Secrets to Developing Successful Meal Kit Solutions

February 6, 2018

Since bursting onto the U.S. market in 2012, online meal kit delivery services have been multiplying across the country. By 2017, the industry had grown to an estimated $5 billion business, reports research firm Packaged Facts. In an effort to garner their share of the market, a growing number of national grocers and discount retailers are also getting into the business. But as both online and brick-and-mortar retailers are beginning to learn, simply offering a meal kit option doesn’t guarantee success.

According to Daymon Category Solutions Senior Manager Jill Tomeny, developing a strong assessment of a retailer’s customer base is critical before jumping into the meal-kit fray. She notes that in general, “men, younger generations and families with children tend to be heavier consumers [of meal-kits] while Millennials also express heightened interest.” Understanding consumers’ motivations for buying meal kits is also key. According to survey firm Nielsen, the most common reasons include saving on meal planning time, shortening preparation and cook time, saving time in-store, trying a new recipe and eating healthier.

Beyond this, retailers should consider several other factors, says Tomeny—namely format and assortment, value, placement and marketing.

Format and Assortment

There are four main meal kit formats retailers have to choose from:

  • Assembly kits—individually packaged, pre-portioned ingredients (not individually labelled for retail sale) that are pre-packed into a bag or box with contents fully-prepped for cooking.
  • Curated ingredient displays—store displays that provide a recipe card and all ingredients needed for the dish.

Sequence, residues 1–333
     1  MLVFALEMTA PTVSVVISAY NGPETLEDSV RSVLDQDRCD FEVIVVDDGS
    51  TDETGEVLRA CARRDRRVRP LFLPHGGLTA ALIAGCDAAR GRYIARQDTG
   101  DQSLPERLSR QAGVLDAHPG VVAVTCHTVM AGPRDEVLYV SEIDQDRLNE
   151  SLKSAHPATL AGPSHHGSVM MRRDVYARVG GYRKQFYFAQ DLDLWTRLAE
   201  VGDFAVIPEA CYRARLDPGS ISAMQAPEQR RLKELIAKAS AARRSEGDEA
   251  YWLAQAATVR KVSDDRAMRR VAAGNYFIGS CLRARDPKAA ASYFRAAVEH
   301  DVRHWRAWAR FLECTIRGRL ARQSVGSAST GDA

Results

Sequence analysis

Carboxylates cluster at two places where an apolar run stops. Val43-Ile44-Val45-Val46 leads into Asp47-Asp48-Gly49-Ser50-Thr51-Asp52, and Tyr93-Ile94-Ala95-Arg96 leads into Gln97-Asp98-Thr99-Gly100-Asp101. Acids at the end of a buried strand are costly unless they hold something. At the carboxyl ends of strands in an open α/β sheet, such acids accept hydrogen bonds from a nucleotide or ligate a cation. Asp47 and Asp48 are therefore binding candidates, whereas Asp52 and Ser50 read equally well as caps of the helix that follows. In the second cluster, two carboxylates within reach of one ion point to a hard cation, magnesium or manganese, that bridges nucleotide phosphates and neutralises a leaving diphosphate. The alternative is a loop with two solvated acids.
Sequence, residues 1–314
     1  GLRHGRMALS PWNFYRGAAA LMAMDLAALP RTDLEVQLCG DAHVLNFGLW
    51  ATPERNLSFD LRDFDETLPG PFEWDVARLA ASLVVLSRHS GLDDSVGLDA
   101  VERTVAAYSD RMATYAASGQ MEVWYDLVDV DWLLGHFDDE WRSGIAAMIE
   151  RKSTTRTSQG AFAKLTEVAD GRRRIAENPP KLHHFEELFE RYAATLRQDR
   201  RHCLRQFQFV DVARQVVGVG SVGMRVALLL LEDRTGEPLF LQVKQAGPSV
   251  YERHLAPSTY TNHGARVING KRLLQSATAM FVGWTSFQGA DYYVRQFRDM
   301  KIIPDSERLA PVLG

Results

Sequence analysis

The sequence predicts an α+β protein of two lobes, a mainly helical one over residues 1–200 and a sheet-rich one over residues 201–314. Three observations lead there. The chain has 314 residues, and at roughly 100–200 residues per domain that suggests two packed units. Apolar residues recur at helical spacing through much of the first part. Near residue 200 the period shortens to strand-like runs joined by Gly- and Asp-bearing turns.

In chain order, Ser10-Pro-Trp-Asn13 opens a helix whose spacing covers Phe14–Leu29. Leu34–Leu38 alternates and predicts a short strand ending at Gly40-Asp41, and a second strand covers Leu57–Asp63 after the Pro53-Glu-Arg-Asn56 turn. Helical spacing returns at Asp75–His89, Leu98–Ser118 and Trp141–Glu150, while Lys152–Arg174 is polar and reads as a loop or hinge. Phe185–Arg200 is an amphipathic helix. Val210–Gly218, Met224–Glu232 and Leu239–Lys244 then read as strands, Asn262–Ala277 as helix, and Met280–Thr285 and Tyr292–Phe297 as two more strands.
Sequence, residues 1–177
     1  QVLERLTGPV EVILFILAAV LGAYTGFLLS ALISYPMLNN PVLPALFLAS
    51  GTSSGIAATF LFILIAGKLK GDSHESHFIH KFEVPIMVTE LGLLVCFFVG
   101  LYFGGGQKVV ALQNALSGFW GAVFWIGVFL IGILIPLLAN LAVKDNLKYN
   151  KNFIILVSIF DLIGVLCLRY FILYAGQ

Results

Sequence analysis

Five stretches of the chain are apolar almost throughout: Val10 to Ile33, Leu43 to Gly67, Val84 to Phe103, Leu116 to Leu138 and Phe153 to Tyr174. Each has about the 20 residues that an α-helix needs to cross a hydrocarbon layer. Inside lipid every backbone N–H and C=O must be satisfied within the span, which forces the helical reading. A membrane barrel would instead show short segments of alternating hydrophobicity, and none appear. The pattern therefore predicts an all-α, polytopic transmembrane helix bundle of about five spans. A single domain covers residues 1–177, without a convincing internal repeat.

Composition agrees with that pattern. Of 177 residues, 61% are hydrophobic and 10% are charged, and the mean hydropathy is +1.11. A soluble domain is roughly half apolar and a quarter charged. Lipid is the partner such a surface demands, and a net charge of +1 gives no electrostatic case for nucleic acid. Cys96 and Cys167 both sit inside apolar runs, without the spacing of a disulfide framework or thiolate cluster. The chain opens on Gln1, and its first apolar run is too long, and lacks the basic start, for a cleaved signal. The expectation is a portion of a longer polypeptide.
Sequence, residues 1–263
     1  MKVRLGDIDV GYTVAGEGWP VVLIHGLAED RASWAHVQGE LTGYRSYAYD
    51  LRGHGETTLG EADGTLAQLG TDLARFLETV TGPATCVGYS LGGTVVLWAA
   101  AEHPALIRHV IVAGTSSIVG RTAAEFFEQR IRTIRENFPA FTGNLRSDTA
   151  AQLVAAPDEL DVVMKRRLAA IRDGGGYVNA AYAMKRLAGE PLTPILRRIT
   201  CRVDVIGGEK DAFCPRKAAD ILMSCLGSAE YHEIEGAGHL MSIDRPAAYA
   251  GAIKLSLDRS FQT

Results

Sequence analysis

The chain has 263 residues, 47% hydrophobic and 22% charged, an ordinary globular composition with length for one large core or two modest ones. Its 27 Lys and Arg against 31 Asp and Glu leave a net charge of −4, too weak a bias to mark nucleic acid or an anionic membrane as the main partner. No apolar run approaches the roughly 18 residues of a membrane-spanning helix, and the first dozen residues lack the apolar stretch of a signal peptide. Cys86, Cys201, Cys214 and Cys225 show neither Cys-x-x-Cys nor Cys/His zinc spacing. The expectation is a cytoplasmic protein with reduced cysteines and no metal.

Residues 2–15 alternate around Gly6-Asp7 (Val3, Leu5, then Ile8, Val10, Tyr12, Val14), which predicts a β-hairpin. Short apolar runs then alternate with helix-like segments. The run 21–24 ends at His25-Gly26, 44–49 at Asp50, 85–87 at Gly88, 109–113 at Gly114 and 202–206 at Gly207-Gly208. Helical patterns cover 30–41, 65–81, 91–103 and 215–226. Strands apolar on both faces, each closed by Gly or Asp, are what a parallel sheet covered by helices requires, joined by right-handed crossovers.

• Ready to cook kits—all raw ingredients are precut and assembled together in a ready to cook tray with no clean up or prep work.
  • Mix & match—components such as sauces, protein, vegetables, and starches are individually packaged for retail sale, allowing the customer to choose their combination at shelf.

“In addition, retailers must consider other factors to make the appeal of the assortment worth it,” adds Tomeny. These include things like: ls there a good range of recipes with something for everyone (such as vegetarian, meat and seafood options)? Will special equipment be required to prepare them? Do the recipes have “foodie” appeal and encourage shoppers to “stretch” themselves as a cook?

Value

Saving time and money is important to shoppers in this category, but retailers must also consider: What is convenience worth? The consumer may be making comparisons to a number of choices, such as frozen or prepared foods, eating out, getting takeout or even buying the ingredients themselves. “From the retailer perspective, the cost of packaging is critical and it must be transparent,” Tomeny explains. “Many customers want to see the ingredients, know the portion sizes and be clear on preparation all by reading the label.”

Placement

The next consideration is where in the store should a meal kit go? “The most common locations we’re seeing are dedicated displays near front entry ways, in produce or prepared foods/deli,” says Tomeny. “You want to make sure they’re positioned to drive awareness of the program in general, and in a location that reinforces their ability to solve an immediate ‘what’s for dinner tonight’ dilemma.”

Another option is to bring the selection online, directly competing with independent companies like Blue Apron, Plated and Hello Fresh. In fact, some national grocers only offer their meal kits online.

Marketing

Whether targeting a planned purchase or an impulse buy, retailers need to have a marketing strategy behind their meal kit efforts. “Offering the meal kit online certainly takes the guesswork out of the consumer experience as they can read about all the particulars,” says Tomeny. “But there are also opportunities to market in-store—for example, through demonstrations, distinct signage and the use of local, sustainable ingredients.”

In the end, retailers need to remember that meal kits aren’t necessarily a silver bullet. They also need to have the right mix of fresh grab-and-go meals, prepared products and convenience ingredients. As Tomeny puts it, “It’s all about focusing on being there for the broader segment of meal solutions.”

To learn more about developing retail-based meal kit solutions, contact Jill Tomeny, Daymon Category Solutions Senior Manager, at jtomeny@daymon.com.

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